Od raspada Jugoslavije, Bošnjaci, Hrvati i Srbi su imali tri suprotna pogleda na to kakvu državu bi mogli dijeliti. Prema bivšem slovenačkom predsjedniku Milanu Kučanu, bliskom posmatraču, „ta tri koncepta se nikada nisu stvarno podudarila, a kamo li pomirila … onda su ta tri koncepta pretvorena u ratne ciljeve, ali se sam rat nikada nije u stvari završio; već je samo prekinut Dejtonskim mirovnim sporazumom.“. Dejton je kreirao labavu uniju u kojoj su dva entiteta zadržala veći dio upravnih nadležnosti a važne državne odluke su zahtijevale koncenzus tri glavne etničke skupine; mnoge pozicije su podijeljene prema etničkim kvotama. Ovaj sistem se brzo suočio sa nacionalističkim opstrukcijama. Međunarodna zajednica je kao mjeru za hitne situacije opremila Visokog predstavnika sa širokim ovlastima da bi država nastavila funkcionisati. Od tada, nadajući se da će državu učiniti funkcionalnijom, međunarodna zajednica je podržavala dalju centralizaciju dok je sve manje I manje odluka postignuto dogovorom lokalnih lidera. U stvari, ovo je promoviralo bošnjačku viziju na račun Srba i Hrvata. Također je dovelo do potpunog oslanjanja BiH na redovne intervencije Visokog predstavnika.

Kriza federalne vlade i referendum u RSu ukazuju na dvije strane opšteg problema u BiH. U Federaciji, sukobe se prava zajednice i vladavina većine. U RSu, sukob je oko uloge međunarodne zajednice u upravljanju BiH i balansa između državnih i entitetskih prerogativa. Obje krize predstavljaju napad na viziju budućnosti BiH koju nudi OHR i koju prihvata većina bošnjačkih partija. Ta vizija bi garantovala da se državu ne može sabotirati ili paralisati putem etničkog konflikta. Ipak, većina Hrvata i Srba to odbacuje.

Da bi se razriješio prvi dio neposredne krize i formirala neosporiva federalna uprava:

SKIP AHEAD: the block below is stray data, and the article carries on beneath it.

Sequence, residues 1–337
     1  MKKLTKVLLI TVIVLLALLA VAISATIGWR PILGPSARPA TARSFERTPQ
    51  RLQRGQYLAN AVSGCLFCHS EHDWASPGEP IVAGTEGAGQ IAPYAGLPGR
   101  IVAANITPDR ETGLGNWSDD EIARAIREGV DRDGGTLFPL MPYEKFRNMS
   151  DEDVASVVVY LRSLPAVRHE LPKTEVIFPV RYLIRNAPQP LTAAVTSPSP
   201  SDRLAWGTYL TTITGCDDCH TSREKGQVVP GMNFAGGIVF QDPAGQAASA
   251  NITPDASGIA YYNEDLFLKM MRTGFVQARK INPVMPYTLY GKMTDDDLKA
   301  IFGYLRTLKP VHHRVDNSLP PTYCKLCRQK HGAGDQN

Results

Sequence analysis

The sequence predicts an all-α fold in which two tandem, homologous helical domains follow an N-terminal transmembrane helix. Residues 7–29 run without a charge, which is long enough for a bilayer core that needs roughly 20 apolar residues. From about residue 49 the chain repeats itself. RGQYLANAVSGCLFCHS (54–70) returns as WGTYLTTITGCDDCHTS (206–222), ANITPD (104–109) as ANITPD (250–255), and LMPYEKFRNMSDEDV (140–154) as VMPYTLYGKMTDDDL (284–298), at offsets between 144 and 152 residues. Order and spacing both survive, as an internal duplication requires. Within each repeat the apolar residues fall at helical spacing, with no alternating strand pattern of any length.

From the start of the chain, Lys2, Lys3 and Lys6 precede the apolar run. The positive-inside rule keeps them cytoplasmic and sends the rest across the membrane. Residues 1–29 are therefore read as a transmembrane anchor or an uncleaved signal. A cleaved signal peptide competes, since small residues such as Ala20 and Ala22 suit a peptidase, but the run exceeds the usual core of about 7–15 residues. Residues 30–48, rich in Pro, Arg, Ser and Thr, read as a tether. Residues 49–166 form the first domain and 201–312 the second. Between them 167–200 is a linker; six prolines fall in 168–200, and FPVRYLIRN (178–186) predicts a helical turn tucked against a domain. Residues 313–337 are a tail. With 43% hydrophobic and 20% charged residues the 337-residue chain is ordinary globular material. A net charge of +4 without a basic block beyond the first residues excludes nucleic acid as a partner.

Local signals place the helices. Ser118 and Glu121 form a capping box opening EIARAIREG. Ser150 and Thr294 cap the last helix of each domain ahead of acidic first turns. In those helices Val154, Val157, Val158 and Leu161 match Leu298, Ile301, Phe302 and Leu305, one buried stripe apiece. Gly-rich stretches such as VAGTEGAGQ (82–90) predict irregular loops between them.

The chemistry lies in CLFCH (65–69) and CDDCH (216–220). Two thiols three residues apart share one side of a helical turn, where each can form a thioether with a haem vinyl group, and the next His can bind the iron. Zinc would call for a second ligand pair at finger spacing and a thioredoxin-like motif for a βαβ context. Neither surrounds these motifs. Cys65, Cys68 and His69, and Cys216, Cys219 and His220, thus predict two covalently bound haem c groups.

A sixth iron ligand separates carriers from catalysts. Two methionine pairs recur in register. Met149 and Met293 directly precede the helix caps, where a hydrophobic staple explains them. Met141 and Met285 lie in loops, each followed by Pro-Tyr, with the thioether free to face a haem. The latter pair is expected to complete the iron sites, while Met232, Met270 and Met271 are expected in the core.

• Visoki predstavnk bi trebao podići suspenzuju i dopustiti odluci CIKa da stupi na snagu; i
     
  • federalni Dom naroda bi se trebao sastati u punom sastavu, izabrati predsjednika i sa Predstavničkim domom, imenovati vladu koja je u skladu sa entitetskim ustavom; predsjednik i vlada bi se trebali baviti samo hitnim pitanjima do zvanične inauguracije;

Da bi se razriješio drugi dio neposredne krize:

  • Narodna skupština RSa bi trebala povući odluku o sprovođenju referenduma; ako se referendum ipak dogodi, Predsjednik Dodik bi trebao javno isljučiti bilo kakve jednostrane potupke koji bi doveli u pitanje BiH državni sud (Sud Bosne i Hercegovine), kao što je povlačenje srpskih predstavnika ili odbacivanje njegove nadležnosti.

Iako je ova situacija veoma zabrinjavajuća, međunarodna zajednica bi trebala izbjeći ishitrene odluke koje bi mogle produbiti krizu i pogurati strane do maksimalističkih pozicija. Ovo nije trenutak za površno upravljanje krizom putem tehničkih mjera ili sankcija. Umjesto toga se mogu upotrijebiti razgovori Savjeta bezbjednosti UN o BiH 9.maja i Evropski savjet vanjskih poslova 13.maja za pokretanje strateške revizije međunarodne politke. Ovo bi trebalo kulminirati prije planiranog referenduma sredinom juna u RSu. Konkretno:

  • međunarodna zajednica bi trebala održati konferenciju na visokom nivou da bi uspostavila svoje ciljeve u BiH, potvrdila svoju podršku Dejtonskom mirovnom sporazumu, uklonila Visokog predstavnika iz lokalne politike, napravila planove za relociranje njegovog ureda van BiH i dala EU kapacitete da bi postala vodeći čimbenik.

 

Sarajevo/Brisel, 6.maj 2011.

I. Overview